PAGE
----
Several factors have been reported to influence local control of DF’s. Ballo et al. reported that local spread was influenced negatively by increased tumour size and age over 30 years [10]. They also reported that there was no increased risk of local recurrence in those who had positive margins. Another study, reported that age, gender, surgical margin and adjuvant radiation therapy were not predictors of recurrence [11].

The need for negative margins when resecting a desmoid tumour is debated in the literature. Some studies reported that obtaining negative margins was important for local disease free survival [8,12]. However, another study concluded that there was no difference in local disease free survival in patients based on their margin status [13]. There is a high risk of local recurrence in patients with desmoid tumours in all of these studies.

Case Report

A 38 year old female presented to the General Surgical Outpatients Department, University Hospital Waterford with a painless, left hypochondrial mass. This mass was noted following the birth of her second child. The patient reported symptoms of night sweats, weight loss and pruritis of the skin overlying the mass. On examination, the mass was found to be firm, non-tender and fixed to the underlying abdominal wall. A past medical history of a breast fibroadenoma excision and LLETZ procedure was noted. There was no recent history of abdominal wall trauma or surgery. No relevant family history was noted.

Pre-operative abdominal wall ultrasound demonstrated a fusiform nodule within the left anterior abdominal transversalis oblique muscle, measuring 17 mm × 7.4 mm and located inferior to the left costal cartilage. The lesion was reported to be solid with a focal hypervascular nidus. The advice given by the radiologist was for a surgical excision biopsy.

Surgical excision of the mass was performed under general anaesthetic. A skin ellipse was initially performed, followed by a muscle splitting procedure for removal of the soft tissue involved. Macroscopically, the mass was described as soft, firm, white and rubbery. A 3-layer abdominal wall closure was performed.

Histologically, the tumour was found to contain spindled myofibroblastic cells arranged in fascicles with perivascular lymphoid infiltrates. These myofibroblastic cells were found to be infiltrating through the skeletal muscle. The histological diagnosis was found to be an incompletely excised abdominal wall desmoid tumour. (Figures 1 and 2). The histopathological advice was for a further surgical resection of positive margins, given the high risk of recurrence of this tumour type.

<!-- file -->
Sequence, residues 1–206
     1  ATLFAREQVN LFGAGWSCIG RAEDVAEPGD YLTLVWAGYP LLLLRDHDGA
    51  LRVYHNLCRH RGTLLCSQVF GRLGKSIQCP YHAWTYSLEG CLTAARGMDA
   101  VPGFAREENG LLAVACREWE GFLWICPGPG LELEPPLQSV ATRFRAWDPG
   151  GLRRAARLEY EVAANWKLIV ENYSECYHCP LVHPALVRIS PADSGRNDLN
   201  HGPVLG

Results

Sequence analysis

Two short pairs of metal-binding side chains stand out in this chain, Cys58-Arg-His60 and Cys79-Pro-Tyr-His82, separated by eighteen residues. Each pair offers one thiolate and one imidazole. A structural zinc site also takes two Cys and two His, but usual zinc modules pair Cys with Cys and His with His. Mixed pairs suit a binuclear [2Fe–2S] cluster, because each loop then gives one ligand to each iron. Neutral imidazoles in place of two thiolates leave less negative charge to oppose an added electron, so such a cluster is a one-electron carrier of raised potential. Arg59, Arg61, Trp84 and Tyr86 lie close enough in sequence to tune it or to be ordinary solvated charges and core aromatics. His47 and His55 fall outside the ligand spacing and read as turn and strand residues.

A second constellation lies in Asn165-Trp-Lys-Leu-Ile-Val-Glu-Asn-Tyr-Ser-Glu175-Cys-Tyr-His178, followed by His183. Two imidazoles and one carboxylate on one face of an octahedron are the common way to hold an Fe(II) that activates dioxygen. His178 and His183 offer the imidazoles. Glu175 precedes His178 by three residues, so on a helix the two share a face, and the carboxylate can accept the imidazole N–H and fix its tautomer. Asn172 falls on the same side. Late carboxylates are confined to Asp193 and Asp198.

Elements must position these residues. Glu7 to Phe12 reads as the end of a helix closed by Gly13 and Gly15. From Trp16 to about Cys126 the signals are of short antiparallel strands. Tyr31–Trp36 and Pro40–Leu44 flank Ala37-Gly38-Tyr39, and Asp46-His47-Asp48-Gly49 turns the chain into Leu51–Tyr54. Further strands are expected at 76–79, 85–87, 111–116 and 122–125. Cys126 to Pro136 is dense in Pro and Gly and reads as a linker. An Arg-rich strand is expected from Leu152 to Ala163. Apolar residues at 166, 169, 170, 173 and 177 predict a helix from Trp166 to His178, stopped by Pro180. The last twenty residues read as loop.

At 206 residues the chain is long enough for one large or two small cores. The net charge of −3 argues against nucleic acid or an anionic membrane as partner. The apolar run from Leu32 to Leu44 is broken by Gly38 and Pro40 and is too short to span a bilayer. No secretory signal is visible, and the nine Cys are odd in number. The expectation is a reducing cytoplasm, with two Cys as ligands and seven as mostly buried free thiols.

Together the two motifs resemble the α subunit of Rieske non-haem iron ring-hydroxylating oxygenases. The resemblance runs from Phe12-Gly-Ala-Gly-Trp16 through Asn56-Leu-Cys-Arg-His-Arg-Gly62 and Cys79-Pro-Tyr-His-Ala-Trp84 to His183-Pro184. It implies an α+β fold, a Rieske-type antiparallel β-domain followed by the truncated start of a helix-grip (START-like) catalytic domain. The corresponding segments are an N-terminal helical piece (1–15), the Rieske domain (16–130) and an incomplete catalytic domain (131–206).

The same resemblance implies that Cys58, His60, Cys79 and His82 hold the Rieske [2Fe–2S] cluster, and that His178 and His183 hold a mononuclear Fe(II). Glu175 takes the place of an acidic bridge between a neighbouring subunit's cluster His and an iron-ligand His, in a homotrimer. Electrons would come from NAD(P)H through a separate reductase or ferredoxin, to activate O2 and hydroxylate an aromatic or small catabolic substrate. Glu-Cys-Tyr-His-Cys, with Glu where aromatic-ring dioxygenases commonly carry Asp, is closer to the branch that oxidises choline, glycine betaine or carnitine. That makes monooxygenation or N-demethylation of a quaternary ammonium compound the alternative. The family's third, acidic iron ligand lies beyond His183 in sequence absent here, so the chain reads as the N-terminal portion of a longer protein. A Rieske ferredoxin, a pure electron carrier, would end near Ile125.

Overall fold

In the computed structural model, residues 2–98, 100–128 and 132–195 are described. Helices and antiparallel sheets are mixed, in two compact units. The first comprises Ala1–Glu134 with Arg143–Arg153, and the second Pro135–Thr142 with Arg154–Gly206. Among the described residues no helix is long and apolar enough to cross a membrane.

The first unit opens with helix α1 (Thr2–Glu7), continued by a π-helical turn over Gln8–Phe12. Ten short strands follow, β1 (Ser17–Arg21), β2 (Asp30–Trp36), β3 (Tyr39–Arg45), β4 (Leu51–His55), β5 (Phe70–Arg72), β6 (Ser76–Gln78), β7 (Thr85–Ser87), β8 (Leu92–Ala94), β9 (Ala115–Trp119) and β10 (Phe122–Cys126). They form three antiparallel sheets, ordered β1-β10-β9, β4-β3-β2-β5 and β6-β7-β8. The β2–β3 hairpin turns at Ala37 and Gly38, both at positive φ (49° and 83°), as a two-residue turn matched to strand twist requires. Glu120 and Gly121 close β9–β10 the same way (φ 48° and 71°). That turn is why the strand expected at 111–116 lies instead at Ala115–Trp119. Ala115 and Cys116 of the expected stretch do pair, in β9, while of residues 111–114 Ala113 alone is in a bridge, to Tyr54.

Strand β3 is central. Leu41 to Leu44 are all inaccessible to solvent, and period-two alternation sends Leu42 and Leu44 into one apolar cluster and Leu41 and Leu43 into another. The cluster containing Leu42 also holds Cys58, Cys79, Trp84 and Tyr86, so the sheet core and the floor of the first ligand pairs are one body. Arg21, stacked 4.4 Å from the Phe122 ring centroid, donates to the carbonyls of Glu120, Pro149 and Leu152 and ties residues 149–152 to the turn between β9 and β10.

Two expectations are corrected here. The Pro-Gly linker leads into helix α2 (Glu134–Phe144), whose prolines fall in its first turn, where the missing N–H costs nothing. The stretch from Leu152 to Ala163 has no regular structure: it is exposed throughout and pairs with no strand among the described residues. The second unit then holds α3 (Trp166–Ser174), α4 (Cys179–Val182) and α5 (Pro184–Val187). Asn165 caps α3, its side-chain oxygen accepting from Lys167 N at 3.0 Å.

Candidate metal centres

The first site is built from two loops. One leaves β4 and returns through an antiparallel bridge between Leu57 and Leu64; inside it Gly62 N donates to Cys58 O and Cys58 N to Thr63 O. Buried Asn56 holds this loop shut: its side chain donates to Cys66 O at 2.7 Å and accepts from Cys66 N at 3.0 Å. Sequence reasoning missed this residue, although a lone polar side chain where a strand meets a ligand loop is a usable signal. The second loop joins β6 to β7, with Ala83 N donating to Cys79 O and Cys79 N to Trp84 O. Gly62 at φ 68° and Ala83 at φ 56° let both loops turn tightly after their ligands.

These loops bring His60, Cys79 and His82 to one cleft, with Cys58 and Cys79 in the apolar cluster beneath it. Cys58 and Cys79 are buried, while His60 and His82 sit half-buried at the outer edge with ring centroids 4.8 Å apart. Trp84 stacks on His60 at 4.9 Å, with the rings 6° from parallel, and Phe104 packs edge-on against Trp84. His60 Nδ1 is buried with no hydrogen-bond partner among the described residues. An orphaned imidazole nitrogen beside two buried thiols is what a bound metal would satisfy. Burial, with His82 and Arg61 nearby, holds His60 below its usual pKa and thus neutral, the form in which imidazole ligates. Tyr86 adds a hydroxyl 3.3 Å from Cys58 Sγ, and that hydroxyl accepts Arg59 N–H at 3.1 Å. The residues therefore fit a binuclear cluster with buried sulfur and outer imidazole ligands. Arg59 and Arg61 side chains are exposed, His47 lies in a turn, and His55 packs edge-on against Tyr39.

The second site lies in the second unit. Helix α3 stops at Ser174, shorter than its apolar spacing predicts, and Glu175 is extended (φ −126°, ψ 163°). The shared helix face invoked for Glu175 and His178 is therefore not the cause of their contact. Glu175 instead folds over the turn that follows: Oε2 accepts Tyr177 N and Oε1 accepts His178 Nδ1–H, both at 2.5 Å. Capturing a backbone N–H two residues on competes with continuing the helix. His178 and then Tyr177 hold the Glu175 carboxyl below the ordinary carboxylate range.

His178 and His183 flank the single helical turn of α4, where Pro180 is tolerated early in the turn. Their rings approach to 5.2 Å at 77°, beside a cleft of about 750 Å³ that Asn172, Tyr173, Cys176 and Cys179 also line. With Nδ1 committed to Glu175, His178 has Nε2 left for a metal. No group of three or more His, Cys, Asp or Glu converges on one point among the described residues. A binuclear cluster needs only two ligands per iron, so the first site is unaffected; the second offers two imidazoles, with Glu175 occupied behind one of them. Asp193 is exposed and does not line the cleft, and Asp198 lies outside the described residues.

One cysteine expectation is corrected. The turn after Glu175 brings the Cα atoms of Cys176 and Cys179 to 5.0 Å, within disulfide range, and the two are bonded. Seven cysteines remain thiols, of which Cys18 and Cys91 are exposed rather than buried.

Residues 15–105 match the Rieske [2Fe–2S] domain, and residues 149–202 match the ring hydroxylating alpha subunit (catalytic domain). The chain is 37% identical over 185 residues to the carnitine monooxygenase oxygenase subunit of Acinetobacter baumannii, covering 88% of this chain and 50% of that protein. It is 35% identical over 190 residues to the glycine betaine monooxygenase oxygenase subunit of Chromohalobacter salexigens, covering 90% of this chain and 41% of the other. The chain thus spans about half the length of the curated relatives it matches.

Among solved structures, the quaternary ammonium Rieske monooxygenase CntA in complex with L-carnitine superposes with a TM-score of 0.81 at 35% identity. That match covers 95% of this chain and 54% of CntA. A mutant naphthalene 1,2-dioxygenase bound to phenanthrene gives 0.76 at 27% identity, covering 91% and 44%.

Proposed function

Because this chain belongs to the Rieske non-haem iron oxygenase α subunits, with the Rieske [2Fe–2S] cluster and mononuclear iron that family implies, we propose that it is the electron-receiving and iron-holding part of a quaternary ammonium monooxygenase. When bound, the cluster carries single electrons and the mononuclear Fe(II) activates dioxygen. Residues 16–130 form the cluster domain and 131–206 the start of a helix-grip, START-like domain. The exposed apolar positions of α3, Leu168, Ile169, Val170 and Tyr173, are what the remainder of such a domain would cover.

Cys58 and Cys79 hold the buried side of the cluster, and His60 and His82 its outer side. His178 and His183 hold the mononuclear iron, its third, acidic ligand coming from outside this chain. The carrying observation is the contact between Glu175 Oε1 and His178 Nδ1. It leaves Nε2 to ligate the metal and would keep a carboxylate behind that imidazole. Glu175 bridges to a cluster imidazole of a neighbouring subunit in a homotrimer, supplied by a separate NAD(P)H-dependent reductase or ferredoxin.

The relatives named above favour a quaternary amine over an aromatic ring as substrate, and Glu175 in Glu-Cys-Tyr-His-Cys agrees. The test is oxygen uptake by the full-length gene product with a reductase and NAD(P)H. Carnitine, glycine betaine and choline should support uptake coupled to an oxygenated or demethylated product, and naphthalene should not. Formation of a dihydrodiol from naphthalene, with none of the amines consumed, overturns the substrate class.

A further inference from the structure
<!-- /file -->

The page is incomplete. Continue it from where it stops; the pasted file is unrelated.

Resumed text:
Figure 1: Spindled myofibroblastic cells arranged in fascicles, this is consistent with a diagnosis of a Desmoid tumour.


Figure 2: Histology showing an inked resection margin with myofibroblastic cells inflitrating into and through the skeletal muscle. There are also perivascular lymphoid infiltrates present. This I consistent with an abdominal wall desmoid tumour (fibromatosis) which has been incompletely excised.

A post-operative abdominal MRI was performed to evaluate for further tumour sites or extension and to allow for planning of surgical re-resection. The findings of the MRI were inconclusive, with altered signal in the subcutaneous tissues present in the left upper quadrant of the anterior abdominal wall of 6cm. This could represent residual desmoids tumour versus recent surgical changes or post contrast changes (Figures 3 and 4).


Figures 3 and 4: Altered signal in the subcutaneous tissues in the left upper quadrant of the anterior abdomial wall measureing 6cm. This may represent residual desmoid tumour or recent surgical post-operative changes.

A further surgical resection was undertaken. The previous surgical scar was excised using a skin ellipse. An abdominal wall muscle margin resection was performed and the deep sheath was left intact. The circumferential fascia was released in order to get adequate wound approximation. A two layer fascia closure was performed. The defect was filled with Artiss tissue glue and the skin ellipse was refashioned.

The re-excision histology showed mainly benign skeletal muscle. There were residual areas of deep abdominal fibromatosis present adjacent to the previous surgical site. The lesion measured 25 mm in maximum dimension. Margins were all negative which were 0.7 mm, 1 mm, 1.5 mm and >5 mm in the superior, anterior, lateral and the remaining margins, respectively. A mesh was not placed during this surgical excision so as to allow for a further excision if margins were positive. An abdominal wall hernia repair may be required in the future [14].


DF’s are rare tumours which are benign but invade locally. There is a lack of treatment consensus within the literature. DF’s more commonly occur in young females of child-bearing age. Therefore, deciding on the most appropriate treatment option should be done on a case by case basis. A watch and wait approach will not be suitable in patients which have an aggressively spreading desmoid tumour. Surgery can be a mutilating treatment option and radiation therapy can result in radiation related complications.

The treatment of DF’s should be undertaken as part of a multidisciplinary team. If surgical resection is undertaken physiotherapy and rehabilitation is an important aspect of maximising functional status in order to prevent morbidities.

Conflict of Interest

There is no conflict of interest.